The rate of biodiversity decline in Bangladesh is higher compared to the global situation. According to the Food and Agriculture Organization of the United Nations (FAO), 1.5 per cent of the world's forest area has shrunk to 2015 from 2000. On the contrary, 2.5 per cent of Bangladesh’s forest area has been destroyed during the same period. A report of World Wildlife Fund says the number of the wild animals has decreased by two-third globally since 1970. Three-fourth of land area and 40 per cent of biodiversity have been damaged severely in the past 50 years. As many as 31 species of animals have become extinct from Bangladesh in the past 100 years.

Environment-damaging ‘development’ work and change in biodiversity affect the wildlife. For example, rivers and canals are being filled up due to rise in dam, road, grabbing marshlands and commercial activities. Habitations of wildlife are being destroyed too. Wild animals are not safe in the protected areas too.


According to the forest department, on an average, 50 animals are run over by vehicles every year in Lawachara National Park of Moulvibazar.

Besides, the construction of railway tracks from Dohajari to Cox’s Bazar on the movement routes of elephant in Chattogram is underway. The movement of elephants has stopped due to construction of railway tracks inside Chunati Wildlife Sanctuary in Lohagara.

International Union for Conservation of Nature (IUCAN) has listed 49 areas in 15 countries in its green list of protected and conserved areas. No area of Bangladesh has been listed yet.


Bangladesh is used as the international transit route for poaching wild animals. According to media reports, wild animals and plants worth Tk 5 billion (500 crore) are smuggled via roadways, waterways and airways every year. Royal Bengal Tiger, pangolin and gecko face more risk of poaching. Killing and poaching didn’t stop despite the formation of Wildlife Crime Control Unit comprised of forest department, police, Rapid Action Billiton, Bangladesh Coast Guard and Border Guard Bangladesh. The 1973 Wildlife Act has been amended and the Wildlife (Conservation and Security) Act 2012 has been formulated in order to prevent the killing and poaching of wild animals in the country. Yet, development and commercial activities have been increasing in the protected area defying the law.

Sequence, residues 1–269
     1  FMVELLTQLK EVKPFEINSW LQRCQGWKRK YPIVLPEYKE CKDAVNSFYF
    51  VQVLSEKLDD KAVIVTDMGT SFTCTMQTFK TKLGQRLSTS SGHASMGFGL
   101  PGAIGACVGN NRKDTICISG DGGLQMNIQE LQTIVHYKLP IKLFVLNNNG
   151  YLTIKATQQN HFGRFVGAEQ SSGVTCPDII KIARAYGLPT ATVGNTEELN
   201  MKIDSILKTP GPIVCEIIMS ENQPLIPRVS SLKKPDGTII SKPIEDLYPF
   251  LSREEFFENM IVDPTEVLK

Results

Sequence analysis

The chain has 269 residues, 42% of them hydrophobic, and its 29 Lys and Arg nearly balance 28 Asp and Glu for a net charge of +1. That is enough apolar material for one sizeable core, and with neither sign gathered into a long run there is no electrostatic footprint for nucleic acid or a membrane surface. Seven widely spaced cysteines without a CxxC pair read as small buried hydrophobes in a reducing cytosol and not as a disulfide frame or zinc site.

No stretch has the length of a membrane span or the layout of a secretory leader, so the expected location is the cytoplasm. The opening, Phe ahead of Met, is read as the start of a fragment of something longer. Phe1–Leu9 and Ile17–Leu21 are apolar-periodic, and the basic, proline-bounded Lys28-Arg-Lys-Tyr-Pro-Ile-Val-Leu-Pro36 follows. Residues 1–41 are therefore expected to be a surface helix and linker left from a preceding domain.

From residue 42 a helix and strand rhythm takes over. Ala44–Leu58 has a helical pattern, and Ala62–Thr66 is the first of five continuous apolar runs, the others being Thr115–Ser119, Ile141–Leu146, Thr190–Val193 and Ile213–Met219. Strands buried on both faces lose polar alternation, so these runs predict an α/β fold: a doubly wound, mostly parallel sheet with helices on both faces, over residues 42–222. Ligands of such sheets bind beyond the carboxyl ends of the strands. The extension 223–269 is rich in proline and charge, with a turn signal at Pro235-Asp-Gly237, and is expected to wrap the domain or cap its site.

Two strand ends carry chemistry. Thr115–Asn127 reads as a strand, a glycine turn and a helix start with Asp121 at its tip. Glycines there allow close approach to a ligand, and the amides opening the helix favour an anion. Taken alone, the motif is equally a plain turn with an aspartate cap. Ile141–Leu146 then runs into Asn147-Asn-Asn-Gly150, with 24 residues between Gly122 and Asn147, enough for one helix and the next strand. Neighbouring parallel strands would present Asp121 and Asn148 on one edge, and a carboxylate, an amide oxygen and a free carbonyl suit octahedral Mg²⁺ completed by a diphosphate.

As many as 41 protected areas have been declared in Bangladesh. Associate management system engaging local people has been introduced in 22 protected areas. Recently, ketoprofen has been banned to save the vultures from extinction. Concerted efforts among the government, the locals and different organisations like IUCAN has yielded positive results to save several spices including tigers, gharial, dolphin and vulture in the protected areas. If more initiatives can be taken, wild animals and biodiversity will be protected.

Deputy magistrate Sanjib Chandra Chattopadhyay during the colonial British rule had realised that a thing is valued where it belongs. Mothers’ grasp is important for the growth of children as much as healthy and safe forests are required for expansion and wellbeing of wild animals. If the state and the executive branch work responsibly realising this truth then wild animals will be safe in the wild and children in their mothers’ grasp.

* Rashed Al Mahmud Titumir is a professor at the Department of Development Studies, University of Dhaka, and the chairperson of IUCN Bangladesh - National Committee. He can be reached at [email protected]

* This article appeared in the print and online edition of Prothom Alo and has been rewritten for the English edition by Hasanul Banna

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